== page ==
5. Conclusions

In conclusion, our study revealed poor adherence to the appropriate clinical rules on the need to perform imaging for patients with febrile UTI/APN, especially when imaging would not have been recommended otherwise. Apart from a history of urolithiasis, gross haematuria and structural urological anomalies, we found no statistically significant associations between other clinical predictors, the criteria for performing imaging and the significant urinary abnormalities found in that imaging. Overall, these results highlight the need for a new, more efficient clinical prediction rule in cases involving a febrile UTI.

Supplementary Materials

The following supporting information can be downloaded at: https://www.mdpi.com/article/10.3390/idr16020015/s1, Figure S1: Receiver Operating Characteristic (ROC) curves of individual factors associated with clinically relevant abnormal findings; Table S1: Radiological findings for the total study population that underwent upper urinary tract imaging, Table S2: Factors associated with clinically relevant abnormal findings (sensitivity analysis).

Author Contributions

Conceptualization, K.V. and G.J.; methodology, K.V. and G.J.; validation, G.J., O.C. and D.G.; formal analysis, G.J.; investigation, K.V. and M.L.J.; data curation, G.J.; writing—original draft preparation, K.V.; writing—review and editing, G.J., M.L.J., O.C. and D.G.; supervision, G.J. All authors have read and agreed to the published version of the manuscript.

Funding

This research received no external funding.

Institutional Review Board Statement

The study was conducted in accordance with the Declaration of Helsinki and approved by the Ethics Committee of CER-VD (Commission cantonale d’éthique de la recherché sur l’être humain, 9 January 2019, CER-VD 2017-02208).

Informed Consent Statement

Informed consent was obtained from all subjects involved in the study.

Data Availability Statement

Data are available on request (Gregor.john@rhne.ch).

Conflicts of Interest

The authors declare no conflicts of interest.

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Figure 1. Patient inclusion flowchart. * A total of 17 patients ineligible for the initial study (9 under antibiotics at admission and 8 without pre-antibiotic culture) were added to the 103 patients included in the initial study [17].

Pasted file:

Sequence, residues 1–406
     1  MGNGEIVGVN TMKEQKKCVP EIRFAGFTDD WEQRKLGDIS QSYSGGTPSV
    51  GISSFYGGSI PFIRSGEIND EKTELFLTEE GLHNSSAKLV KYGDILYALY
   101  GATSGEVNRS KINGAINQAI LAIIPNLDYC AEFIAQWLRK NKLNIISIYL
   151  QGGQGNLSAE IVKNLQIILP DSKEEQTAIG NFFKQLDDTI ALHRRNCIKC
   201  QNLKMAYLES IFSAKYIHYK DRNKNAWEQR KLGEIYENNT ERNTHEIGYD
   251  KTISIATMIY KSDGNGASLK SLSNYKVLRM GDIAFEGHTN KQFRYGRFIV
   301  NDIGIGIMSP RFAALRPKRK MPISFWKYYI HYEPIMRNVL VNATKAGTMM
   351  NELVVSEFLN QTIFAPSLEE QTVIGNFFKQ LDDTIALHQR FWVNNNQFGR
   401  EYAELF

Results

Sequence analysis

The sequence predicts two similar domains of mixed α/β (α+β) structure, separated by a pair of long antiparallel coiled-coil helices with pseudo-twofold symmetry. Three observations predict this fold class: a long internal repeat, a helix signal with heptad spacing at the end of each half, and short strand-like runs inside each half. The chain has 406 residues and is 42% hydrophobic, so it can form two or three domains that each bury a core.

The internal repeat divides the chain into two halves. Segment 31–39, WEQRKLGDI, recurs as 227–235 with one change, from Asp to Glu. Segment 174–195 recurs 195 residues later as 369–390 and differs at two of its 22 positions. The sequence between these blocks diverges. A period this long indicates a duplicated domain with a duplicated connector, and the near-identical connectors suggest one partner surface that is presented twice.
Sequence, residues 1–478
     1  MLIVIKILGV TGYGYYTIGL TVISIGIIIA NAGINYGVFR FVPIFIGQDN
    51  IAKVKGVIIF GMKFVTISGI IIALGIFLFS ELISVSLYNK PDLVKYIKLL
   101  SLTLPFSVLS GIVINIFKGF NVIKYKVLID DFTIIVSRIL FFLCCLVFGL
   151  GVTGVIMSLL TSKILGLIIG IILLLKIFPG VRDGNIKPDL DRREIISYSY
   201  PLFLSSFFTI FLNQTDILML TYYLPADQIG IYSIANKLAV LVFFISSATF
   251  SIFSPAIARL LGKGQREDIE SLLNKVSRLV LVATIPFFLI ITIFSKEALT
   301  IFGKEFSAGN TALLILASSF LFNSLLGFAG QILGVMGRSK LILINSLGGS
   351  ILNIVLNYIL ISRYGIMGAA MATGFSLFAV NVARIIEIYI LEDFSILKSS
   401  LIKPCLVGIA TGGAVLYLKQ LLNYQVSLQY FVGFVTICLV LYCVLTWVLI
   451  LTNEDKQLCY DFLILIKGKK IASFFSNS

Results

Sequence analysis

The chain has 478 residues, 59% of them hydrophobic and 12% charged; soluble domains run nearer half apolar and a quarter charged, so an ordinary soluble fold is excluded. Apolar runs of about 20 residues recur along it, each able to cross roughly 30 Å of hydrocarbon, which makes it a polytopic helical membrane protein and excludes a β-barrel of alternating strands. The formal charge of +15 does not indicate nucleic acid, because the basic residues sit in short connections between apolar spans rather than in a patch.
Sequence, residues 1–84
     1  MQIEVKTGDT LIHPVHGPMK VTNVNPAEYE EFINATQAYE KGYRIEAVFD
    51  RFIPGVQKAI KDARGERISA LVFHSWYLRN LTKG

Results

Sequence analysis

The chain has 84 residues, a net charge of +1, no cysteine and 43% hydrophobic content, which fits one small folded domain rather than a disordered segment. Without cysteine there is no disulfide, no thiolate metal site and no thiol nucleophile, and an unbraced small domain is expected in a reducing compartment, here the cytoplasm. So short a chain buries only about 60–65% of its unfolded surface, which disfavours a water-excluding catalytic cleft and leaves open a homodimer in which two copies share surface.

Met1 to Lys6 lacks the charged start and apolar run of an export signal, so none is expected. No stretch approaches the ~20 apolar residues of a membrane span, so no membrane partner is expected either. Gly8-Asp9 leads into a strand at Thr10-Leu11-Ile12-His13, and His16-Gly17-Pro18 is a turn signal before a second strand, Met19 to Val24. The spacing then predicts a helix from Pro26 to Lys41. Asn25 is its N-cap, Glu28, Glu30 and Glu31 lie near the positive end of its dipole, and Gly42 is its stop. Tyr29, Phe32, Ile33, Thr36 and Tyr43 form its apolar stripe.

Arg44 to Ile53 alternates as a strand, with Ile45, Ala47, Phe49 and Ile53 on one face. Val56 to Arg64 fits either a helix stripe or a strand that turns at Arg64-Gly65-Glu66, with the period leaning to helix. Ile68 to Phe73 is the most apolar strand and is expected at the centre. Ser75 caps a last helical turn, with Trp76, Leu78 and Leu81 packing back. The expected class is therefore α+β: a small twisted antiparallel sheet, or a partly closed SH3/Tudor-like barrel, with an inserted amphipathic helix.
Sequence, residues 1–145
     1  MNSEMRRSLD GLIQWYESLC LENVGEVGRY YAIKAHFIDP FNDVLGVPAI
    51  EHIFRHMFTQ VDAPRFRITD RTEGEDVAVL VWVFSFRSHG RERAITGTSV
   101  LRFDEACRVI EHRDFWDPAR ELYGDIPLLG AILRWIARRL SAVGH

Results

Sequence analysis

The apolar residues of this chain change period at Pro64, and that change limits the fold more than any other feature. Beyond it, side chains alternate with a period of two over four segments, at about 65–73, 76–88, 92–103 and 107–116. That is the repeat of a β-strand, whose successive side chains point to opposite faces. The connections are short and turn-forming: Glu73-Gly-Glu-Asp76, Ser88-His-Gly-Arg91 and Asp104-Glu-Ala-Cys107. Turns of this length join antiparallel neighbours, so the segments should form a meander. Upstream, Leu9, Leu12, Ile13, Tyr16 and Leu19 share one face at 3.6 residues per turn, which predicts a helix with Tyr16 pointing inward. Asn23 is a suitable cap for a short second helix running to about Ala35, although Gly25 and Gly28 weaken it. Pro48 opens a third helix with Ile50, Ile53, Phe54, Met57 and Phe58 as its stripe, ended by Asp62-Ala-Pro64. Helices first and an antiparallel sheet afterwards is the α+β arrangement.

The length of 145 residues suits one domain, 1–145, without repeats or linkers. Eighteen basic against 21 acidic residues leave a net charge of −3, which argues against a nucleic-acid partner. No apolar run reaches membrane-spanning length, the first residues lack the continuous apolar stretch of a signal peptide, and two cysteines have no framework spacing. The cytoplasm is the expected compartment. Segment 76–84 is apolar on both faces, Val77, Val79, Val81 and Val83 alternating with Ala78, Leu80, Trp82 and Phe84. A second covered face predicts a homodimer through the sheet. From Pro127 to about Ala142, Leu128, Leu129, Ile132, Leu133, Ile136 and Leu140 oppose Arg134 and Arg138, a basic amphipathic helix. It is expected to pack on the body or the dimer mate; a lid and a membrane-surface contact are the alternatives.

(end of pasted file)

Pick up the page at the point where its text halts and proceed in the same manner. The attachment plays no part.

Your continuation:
Figure 1. Patient inclusion flowchart. * A total of 17 patients ineligible for the initial study (9 under antibiotics at admission and 8 without pre-antibiotic culture) were added to the 103 patients included in the initial study [17].
Idr 16 00015 g001
Table 1. Population characteristics.
Table 1. Population characteristics.
CharacteristicsTotal Population
n = 107
Patients with Radiological Imaging
n = 62
Patients without Radiological Imaging
n = 45
p-Value
Women, n (%) 81 (76%)45 (73%)36 (80%)0.49
Age, y, median (IQR, 25–75%) 54 (34–79)54 (35–78)54 (34–83)0.98
Body mass index, median (IQR, 25–75%) 26 (22–30)26 (24–31)23 (21–29)0.24
Living in a nursing home, n (%)4 (4%)2 (3%)2 (5%)0.99 *
Comorbid conditions, general, n (%):
Cardiovascular 33 (33%)22 (38%)11 (26%)0.19
Neurological12 (12%)3 (5%)9 (21%)0.03 *
Pulmonary12 (12%)7 (12%)5 (12%)0.99 *
Digestive15 (15%)7 (12%)8 (19%)0.40 *
Diabetes12 (12%)8 (14%)4 (9%)0.55 *
Rheumatological5 (5%)3 (5%)2 (5%)0.99 *
Oncological disease9 (9%)5 (9%)4 (9%)0.99 *
Charlson comorbidity index, median (IQR, 25–75%) 0 (0–2)0 (0–2)0 (0–2)0.94
Urogynaecological history
Any comorbid urological or gynaecological conditions, n (%) 30 (30%)20 (34%)10 (23%)0.22
Malformation4 (4%)4 (7%)0 (0%)0.13 *
Urinary incontinence7 (7%)4 (7%)3 (7%)0.99 *
Neurogenic bladder3 (3%)1 (2%)2 (5%)0.57 *